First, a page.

After extensive reading over the weekend, I decided to be proactive on a game plan; I ordered artemisinin, bought milk thistle and booked an acupuncture session for Buddy for that Monday (I had already started him on acupuncture for his back pain the week before). I also went to the market and loaded up on broccoli, kale, sweet potatoes, shiitake mushrooms, liver, chicken hearts and bison. I bought fish for dinner that night and bought cod liver oil formulated for pets, as well as mushroom powder. Buddy and Ginger already had a pretty nutritional diet of Darwin’s raw bison and raw duck. They ate this in the morning and evening but had access to dry duck and potato prescription diet during the day and a bit of what we ate during our dinner (unseasoned). They also ate a lot of bread (which I didn’t realize was bad) but most of their “treats” contained grain. This would need to be altered; we needed to starve the cancer cells and feed Buddy his nutrients; grains are not good to feed dogs with cancer. There would need to be careful proportioning of proteins to fats to vegetables to carbohydrates. One of the most important things we could do to improve and extend his chance of survival would be to feed him a cancer fighting diet. The cod liver oil would help boost the omegas he needs, the milk thistle would help provide anti-inflammatory and antioxidants, mushrooms would boost the immune system and the artemisinin would (potentially) attack the cancer cells.

I felt slightly better knowing I had the start of a plan and was armed with questions for the oncologist and our holistic Doc (we were lucky that Dr. Rice, their normal veterinarian at Issaquah Veterinary Hospital also practiced holistic medicine and acupuncture). I was less on top of things when it had been my own life that hung in the balance.

There was no time for tears and no room for delusions and wishful thinking. The odds of a non-malignant prognosis was slim to none. It was what we were going to do about it that mattered now. As I sat outside in the sunshine reading as much as I could, I looked over at Buddy and Ginger sitting side-by-side on the porch, air lovingly bringing them delicious outdoor smells that activated the movement of their wet little noses. They were sitting as closely as I had ever seen them sit outside before and could almost picture them sitting in a little porch swing like Mr. Bartles and Mr. Jaymes. I wanted to wiggle my nose and make this terrible disease go away. I wanted to scream at the top of my lungs, grab hold of Buddy and escape from the sadness, the inevitable pain. Instead, I snapped out of it and went over to lay next to them and we all fell asleep in the sun.

On Monday, we went to his acupuncture appointment. This was his second session but I had not been there for his first and didn’t know what to expect. I kept trying to imagine him laying still with needles sticking out of him, un-moving. This seemed absurd since he won’t even let me brush his hair without fussing. Dr. Rice came into the room and we discussed the results of his ultra sound. She had not seen the biopsy results yet but agreed that I was right in being pro-active in ordering the artemisinin and starting the milk thistle.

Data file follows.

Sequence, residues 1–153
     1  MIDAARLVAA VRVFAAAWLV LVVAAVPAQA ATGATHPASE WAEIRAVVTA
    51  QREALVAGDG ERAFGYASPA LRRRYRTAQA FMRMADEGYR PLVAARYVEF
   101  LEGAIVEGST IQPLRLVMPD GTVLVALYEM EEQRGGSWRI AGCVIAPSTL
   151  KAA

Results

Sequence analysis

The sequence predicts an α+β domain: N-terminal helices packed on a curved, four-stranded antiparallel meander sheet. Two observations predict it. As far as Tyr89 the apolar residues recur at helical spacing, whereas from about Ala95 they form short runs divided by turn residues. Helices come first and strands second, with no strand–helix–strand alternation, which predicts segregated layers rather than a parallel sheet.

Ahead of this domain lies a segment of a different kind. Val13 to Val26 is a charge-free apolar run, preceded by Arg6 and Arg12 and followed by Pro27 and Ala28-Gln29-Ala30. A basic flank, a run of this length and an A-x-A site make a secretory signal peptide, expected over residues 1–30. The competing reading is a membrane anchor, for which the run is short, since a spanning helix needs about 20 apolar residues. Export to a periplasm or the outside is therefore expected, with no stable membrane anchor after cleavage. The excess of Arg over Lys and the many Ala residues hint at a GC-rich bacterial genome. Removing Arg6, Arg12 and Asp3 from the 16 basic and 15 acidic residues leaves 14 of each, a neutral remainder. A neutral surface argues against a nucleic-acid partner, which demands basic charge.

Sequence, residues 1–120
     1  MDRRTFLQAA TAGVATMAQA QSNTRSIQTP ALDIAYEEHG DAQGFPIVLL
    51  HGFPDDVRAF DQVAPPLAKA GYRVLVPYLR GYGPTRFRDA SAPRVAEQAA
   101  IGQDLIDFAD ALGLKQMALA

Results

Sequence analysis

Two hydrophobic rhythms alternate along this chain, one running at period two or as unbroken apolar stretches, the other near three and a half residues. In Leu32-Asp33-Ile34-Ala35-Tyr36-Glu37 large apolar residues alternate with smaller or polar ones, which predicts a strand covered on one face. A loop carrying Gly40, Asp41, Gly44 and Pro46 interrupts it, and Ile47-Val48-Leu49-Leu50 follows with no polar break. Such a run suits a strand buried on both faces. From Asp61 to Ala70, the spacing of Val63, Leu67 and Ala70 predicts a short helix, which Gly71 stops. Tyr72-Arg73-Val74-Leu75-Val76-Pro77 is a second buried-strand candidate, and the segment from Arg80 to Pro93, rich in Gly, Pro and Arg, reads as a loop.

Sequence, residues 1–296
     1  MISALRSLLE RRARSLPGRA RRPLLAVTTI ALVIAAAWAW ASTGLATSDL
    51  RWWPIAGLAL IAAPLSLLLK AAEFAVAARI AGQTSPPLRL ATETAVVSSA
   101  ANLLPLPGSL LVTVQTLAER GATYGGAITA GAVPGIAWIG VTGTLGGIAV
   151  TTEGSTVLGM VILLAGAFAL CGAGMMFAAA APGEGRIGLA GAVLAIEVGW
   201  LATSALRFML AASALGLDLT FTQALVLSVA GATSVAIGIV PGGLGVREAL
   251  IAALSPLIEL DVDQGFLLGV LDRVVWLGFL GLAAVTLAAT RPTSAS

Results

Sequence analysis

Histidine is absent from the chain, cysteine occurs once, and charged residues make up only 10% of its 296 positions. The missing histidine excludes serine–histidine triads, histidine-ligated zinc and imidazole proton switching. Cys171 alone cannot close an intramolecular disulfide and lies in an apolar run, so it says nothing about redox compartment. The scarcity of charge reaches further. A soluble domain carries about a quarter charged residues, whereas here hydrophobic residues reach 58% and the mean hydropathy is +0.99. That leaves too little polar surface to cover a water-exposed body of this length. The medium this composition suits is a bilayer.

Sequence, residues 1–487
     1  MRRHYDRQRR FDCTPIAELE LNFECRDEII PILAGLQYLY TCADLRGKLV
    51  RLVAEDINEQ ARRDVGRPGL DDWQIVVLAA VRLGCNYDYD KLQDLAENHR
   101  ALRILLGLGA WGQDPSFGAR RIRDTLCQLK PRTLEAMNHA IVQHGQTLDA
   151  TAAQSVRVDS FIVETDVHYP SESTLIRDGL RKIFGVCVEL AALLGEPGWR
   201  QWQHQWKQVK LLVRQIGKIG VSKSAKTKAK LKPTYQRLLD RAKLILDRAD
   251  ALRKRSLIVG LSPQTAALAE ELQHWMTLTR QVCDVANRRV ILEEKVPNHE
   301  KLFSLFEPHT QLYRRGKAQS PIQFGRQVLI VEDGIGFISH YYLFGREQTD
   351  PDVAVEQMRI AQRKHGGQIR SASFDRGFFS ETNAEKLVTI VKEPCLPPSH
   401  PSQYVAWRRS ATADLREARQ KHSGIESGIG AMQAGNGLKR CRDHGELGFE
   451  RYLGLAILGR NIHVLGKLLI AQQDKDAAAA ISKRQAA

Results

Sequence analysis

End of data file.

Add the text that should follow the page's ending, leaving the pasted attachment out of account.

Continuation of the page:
After explaining a few things about holistic medicine and her diagnosis of a stagnant chi (in Buddy’s liver), she began inserting the needles, swiftly and confidently. Buddy let out a few minor yelps (and then we were left alone to sit quietly for 15 minutes. I put Buddy, carefully like a porcupine, into my lap and Ginger laid fidgeting alongside.

20140612-235651.jpgSee, the needles are quite small. He hardly knew they were there.

20140612-191105.jpgGinger is actually quite concerned; turns out she kind of likes having him around (shhh…don’t tell Buddy).

Five minutes later, Dr. Rice came back in, door swinging open and a chart in her hand. It turned out the results had come in from the biopsy. The next few moments were surreal. I was not sure I fully heard things correctly as I listened to her words… “the tumors were all benign…”!!!!  B E N I G N (no cancer!!!)!

Life is not always easy and the news is not always good but I now realize that there are those things in life that matter and those that matter notably less. The ones that matter most are the ones worth our worry. The other stuff is all just part of the noise and should be tuned out.

It is the big wins that make the small losses seem insignificant and although It is unlikely we will ever win the lottery, with Buddy, we already did; he won’t be leaving us yet. There is just something about Buddy… and that something will always make us smile.

20140613-001058.jpgBuddy wins!!!